My truck is still worth about $4,000 today – so it has retained a fourth of of its original value over 20 years. Most Leafs are worth less than half their original MSRP after five years.

      The only thing the Leaf – or Tesla – does better than my truck is accelerate more rapidly. But if that’s the criteria, then why not mandate Porsches for all?

      • I don’t know about that new fangled 18 year old stuff … I think I will stick with my 30 year old Chevy. The AC doesn’t affect it at all since it doesn’t have any, but the windows do still roll down.

        🙂

        • Well, A Nony Mous, A/C is almost mandatory in SE Texas…however, I will one up you and Eric, I’ll put my 52 year old British Pressed Steel (tinworms included for free) MGB with a full tank up against a Tesla in the range anxiety Derby ANY day! Of course, I will be sweating with no A/C in it, too, however, I can keep the hood (convertible top to you) down and maybe not die of heatstroke…ah, the joys of summer in SE Texas!

          • Crusty, I used to make the pilgrimage to the SE Texas grain harvest back when big rigs rarely had an a/c. The wife and I had been working 3 days straight(day and night) when we finally got unloaded at Cargill and got a room for the night, one of the best showers I ever had cause there was a/c afterward. I took my clothes off with so much sweat and grain chaff and dirt embedded into them(I was half-assed cooled off at that time), took a shower and laid around with my faithful Lone Star. The next day those clothes were still standing in the corner and had taken a hard “set”. Thought I was going to have to soak them down to get them into a garbage bag. 100 degrees and nearly 100 or sometimes every bit of 100 % humidity every day. We weren’t getting fat. When we got home my parents asked if we’d eaten while we were gone. To be truthful, not much at all. It was too damned hot.

            There were some guys who had done it right and had a 5hp gas engine hooked up to a compressor and a generator and had a nice cold truck to sleep in. We slept on the load tarp. You could hear(and feel) the skeeters fighting over the next bite. You could count on being right beside the tracks 2-4 wide full of molasses tankers…….breathtaking.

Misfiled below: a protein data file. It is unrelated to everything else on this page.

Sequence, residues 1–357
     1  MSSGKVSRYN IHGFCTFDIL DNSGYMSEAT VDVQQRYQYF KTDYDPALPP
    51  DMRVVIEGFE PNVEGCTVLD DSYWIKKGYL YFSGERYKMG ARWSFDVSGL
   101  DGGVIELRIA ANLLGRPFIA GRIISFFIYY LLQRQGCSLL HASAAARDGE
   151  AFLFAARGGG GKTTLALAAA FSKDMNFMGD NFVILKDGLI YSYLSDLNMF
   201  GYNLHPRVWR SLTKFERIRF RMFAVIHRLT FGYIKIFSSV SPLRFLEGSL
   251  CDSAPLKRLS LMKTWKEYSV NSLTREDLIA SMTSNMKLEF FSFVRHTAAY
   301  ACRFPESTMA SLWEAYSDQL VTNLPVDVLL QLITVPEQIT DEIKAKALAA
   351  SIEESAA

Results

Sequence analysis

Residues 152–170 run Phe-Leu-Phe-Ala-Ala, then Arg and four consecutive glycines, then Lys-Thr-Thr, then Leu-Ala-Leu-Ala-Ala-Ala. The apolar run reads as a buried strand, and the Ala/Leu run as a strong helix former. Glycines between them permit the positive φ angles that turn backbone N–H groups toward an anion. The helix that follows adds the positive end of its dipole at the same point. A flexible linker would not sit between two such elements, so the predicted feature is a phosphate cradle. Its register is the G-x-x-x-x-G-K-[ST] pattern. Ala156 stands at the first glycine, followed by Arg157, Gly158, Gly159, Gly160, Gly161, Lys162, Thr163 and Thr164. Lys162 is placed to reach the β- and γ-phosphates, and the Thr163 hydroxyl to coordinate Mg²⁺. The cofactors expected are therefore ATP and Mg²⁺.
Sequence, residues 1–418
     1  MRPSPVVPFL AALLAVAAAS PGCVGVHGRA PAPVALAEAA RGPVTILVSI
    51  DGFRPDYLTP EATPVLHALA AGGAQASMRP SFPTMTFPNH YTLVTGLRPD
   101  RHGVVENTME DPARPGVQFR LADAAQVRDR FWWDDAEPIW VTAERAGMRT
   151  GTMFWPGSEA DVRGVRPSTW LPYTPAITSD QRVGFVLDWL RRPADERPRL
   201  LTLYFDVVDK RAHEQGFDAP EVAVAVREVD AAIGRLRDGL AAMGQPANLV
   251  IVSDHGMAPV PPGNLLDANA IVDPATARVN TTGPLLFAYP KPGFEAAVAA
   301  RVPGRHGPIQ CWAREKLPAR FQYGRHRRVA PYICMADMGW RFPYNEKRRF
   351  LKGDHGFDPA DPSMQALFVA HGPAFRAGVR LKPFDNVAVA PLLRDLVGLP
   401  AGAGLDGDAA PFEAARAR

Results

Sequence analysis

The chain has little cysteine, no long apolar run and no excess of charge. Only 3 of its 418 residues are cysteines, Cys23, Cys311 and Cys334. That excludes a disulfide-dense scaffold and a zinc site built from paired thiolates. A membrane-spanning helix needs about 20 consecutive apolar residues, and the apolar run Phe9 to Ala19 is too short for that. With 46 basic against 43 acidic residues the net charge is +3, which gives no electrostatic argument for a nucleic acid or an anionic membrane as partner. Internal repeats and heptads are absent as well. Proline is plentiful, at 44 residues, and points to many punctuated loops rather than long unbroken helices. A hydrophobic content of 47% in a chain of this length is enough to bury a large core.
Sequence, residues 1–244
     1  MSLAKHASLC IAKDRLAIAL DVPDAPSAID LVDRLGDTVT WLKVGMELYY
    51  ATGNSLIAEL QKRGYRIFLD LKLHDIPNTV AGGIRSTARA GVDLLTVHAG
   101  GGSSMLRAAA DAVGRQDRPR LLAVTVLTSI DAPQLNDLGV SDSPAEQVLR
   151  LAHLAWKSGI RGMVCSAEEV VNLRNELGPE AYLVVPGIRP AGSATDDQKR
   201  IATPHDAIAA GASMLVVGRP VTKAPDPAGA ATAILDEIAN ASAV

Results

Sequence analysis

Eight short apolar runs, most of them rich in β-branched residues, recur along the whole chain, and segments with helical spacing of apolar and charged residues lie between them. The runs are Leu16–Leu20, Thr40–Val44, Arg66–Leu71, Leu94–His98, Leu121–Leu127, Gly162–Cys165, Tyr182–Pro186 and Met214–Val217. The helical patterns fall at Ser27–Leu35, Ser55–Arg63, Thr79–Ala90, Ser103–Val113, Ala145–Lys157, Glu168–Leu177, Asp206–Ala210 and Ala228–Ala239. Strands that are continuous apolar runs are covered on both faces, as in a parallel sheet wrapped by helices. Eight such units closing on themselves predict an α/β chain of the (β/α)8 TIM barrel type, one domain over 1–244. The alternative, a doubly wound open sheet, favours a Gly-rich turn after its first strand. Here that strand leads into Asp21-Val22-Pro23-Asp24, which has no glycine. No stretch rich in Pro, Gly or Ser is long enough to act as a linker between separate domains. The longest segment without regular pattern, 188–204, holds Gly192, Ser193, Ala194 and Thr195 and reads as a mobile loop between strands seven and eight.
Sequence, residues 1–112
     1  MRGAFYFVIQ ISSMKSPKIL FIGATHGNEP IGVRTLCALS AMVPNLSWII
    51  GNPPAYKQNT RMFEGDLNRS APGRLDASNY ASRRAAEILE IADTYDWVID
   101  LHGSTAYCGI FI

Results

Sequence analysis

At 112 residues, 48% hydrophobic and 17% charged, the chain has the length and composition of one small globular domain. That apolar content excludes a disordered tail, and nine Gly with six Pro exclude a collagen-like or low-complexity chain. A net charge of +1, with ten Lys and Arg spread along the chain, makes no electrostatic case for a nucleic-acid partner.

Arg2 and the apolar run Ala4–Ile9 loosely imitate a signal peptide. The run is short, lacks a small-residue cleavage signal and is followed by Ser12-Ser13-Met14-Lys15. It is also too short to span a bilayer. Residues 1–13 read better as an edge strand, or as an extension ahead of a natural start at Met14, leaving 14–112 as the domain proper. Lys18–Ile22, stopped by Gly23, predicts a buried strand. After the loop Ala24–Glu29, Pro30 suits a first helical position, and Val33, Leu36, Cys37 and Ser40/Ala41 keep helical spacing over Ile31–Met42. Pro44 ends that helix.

• Yep, skeeters so big they pull up to the helipad and demand 100 pounds of JP-4, that’s Houston!

              That “set” of the clothing you refer to was called a “Fort Polk Starch” by those in the Army.

              Ah, real Lone Star, before they got sold off. Good cheap brew.

              • Fort Polk Starch, makes a lot of sense but I’d never heard it. I’m telling you man, Lone Star Long Necks were without equal down there. Pabst Blue Ribbon on tap in Waco was the best in that city.

                But it weren’t all bad. There was a joint in El Campo called Buck’s that had fresh local veggies every day and the field beside it was full of future lunch specials. Everything they had was great, wholesome food. No additives, just fresh grub I’d give $100 for a plate of right now. Well, maybe not right now. Gotta get this kink outta my back. Should I listen to some Kinks?

          • My first seven years were in Austin and we didn’t have a/c in the car or anything else, but we did get one of those add-on under the dash units when we moved to Phoenix.

  2. And how do you charge your car when the power is out? I recently had a thirty hour power outage. I would have had to cancel work the second day because I wouldn’t have enough range left to get there.

  3. Reaching through the porch steps for a tool this morning, I thought about having a dead EV since this is the time of year rattlesnakes really get on a bend. We had 18 degrees Monday morning but it’s 70 today, nice weather since we went from 110 nearly every day to 18 in just two days. If you don’t like the weather in west Texas, just wait a little while.